Habits influence how we live our lives. As New York Times writer Charles Duhigg explains in his recent book The Power of Habit, habits are essentially patterns that help shape every aspect of our lives. As we know, some habits can be good for us, such as exercising, while other habits can be detrimental to our health, such as smoking.
Duhigg suggests that habits begin with a psychological pattern called the “habit loop.” This three-part process includes the cue or trigger, activating the brain to begin the habit, followed by the routine or the behavior itself, concluding with the reward—what your brain likes about the habit to trigger it in the future.
Understanding and interrupting our habit loop, in part by changing our rewards, is the key to breaking bad habits, according to Duhigg. This is one reason why Duhigg recommends beginning new habits (and breaking bad ones) on vacation, when our daily routines are already interrupted and our brains’ habit loops may be easier to shape.
So, now that we understand the importance of habits in our daily lives, what are the good habits we need to focus on to maintain our heart health?
We know smoking is bad for our health and that research shows quitting smoking reduces our heart risk. Now is the time to quit!
What to Do: Go Red For Women offers numerous resources to help you quit smoking, including frequently asked questions and advice to help you through the process, combatting stress and weight gain.
Regular physical activity has many benefits such as helping you quit smoking, lose weight, reduce stress, lower blood pressure and increase HDL cholesterol.
What to Do: Doing aerobic exercise — using large muscles of the legs and arms — on most days of the week for 30 to 60 minutes helps your heart work more efficiently. Physical activities to improve your strength, flexibility and balance help you stay agile as you age. Try this at-home workout video with Go Red fitness expert Andia Winslow and more exercise ideas on Go Red For Women.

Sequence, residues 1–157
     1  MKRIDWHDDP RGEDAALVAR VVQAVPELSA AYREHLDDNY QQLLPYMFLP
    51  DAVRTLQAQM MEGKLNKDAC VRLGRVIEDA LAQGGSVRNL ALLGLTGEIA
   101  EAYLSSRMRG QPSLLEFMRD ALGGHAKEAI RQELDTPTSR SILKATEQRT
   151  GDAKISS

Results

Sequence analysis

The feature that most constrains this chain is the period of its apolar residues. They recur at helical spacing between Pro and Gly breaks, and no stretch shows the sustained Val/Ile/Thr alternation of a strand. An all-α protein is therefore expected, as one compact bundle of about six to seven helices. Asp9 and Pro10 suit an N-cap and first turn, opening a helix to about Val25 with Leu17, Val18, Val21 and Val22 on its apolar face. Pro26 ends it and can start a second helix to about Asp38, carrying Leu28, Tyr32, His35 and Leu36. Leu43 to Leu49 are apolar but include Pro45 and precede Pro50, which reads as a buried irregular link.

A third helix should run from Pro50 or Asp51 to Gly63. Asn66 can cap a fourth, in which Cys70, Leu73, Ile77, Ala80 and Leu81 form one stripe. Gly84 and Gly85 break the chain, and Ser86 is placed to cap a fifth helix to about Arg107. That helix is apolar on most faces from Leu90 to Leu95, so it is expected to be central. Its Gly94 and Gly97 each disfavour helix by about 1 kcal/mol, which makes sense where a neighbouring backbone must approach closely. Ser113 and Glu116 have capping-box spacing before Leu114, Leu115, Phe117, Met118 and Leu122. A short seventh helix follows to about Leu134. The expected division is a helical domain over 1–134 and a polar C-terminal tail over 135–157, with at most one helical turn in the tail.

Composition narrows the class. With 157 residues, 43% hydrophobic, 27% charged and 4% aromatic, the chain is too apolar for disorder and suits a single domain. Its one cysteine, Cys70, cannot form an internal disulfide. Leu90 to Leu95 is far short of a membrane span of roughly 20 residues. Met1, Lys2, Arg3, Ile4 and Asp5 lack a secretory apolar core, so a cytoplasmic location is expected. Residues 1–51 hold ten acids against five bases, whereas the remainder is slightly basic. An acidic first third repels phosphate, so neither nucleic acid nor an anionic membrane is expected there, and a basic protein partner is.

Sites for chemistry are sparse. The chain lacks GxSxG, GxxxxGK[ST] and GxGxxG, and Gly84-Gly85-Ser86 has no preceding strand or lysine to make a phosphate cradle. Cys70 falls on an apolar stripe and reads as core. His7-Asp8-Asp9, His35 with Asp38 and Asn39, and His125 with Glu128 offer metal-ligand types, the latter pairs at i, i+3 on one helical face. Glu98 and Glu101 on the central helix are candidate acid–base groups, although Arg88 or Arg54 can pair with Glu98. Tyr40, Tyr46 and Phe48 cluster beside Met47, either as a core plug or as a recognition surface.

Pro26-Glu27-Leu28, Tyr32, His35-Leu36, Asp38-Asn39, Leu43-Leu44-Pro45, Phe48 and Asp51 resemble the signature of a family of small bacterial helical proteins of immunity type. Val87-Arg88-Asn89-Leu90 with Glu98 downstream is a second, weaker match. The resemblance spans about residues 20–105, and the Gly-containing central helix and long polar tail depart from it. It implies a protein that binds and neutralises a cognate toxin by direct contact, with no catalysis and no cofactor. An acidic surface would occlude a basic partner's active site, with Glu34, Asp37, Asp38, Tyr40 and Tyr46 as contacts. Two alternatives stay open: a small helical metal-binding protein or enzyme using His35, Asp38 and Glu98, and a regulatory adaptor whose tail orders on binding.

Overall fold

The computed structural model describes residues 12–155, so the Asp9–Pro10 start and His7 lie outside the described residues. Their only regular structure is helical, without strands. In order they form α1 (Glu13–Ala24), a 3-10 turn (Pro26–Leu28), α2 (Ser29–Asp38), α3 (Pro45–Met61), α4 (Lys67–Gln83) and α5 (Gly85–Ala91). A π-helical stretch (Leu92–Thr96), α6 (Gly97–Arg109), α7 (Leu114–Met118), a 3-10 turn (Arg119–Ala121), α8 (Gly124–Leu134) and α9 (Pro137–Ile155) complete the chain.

It’s important to learn how to recognize how stress affects you, learn how to deal with it, and develop healthy habits to ease your stress. Stress is your body’s response to change. The body reacts to it by releasing adrenaline (a hormone) that causes your breathing and heart rate to speed up, and your blood pressure to rise. Constant or continuous stress can be harmful to your heart health. The good news is you can actively manage your stress before it becomes a problem.
What to Do: Understand stress triggers and learn how to respond to stressful situations at home and at work with these stress management resources.
Do you really know what it means to eat healthy? The AHA recently developed new dietary guidelines to help us better understand how to eat healthy and help lower our heart disease risk.
What to Do: According to the new AHA guidelines, eating right means:
- Eat more fruits, vegetables, whole grains, low-fat dairy, poultry, fish and nuts
- Avoid red meat, as well as sugary and processed foods
- Avoid foods high in sodium
“Eating a healthy diet is not about good foods and bad foods in isolation from the rest of your diet – it’s about the overall diet,” said Robert Eckel, M.D., previous AHA president and co-chair of the new guideline committee. Learn more about the new dietary guidelines.
Learn more ways to prevent heart disease at any age in your 20s, 30s, 40s, 50s, 60s and beyond.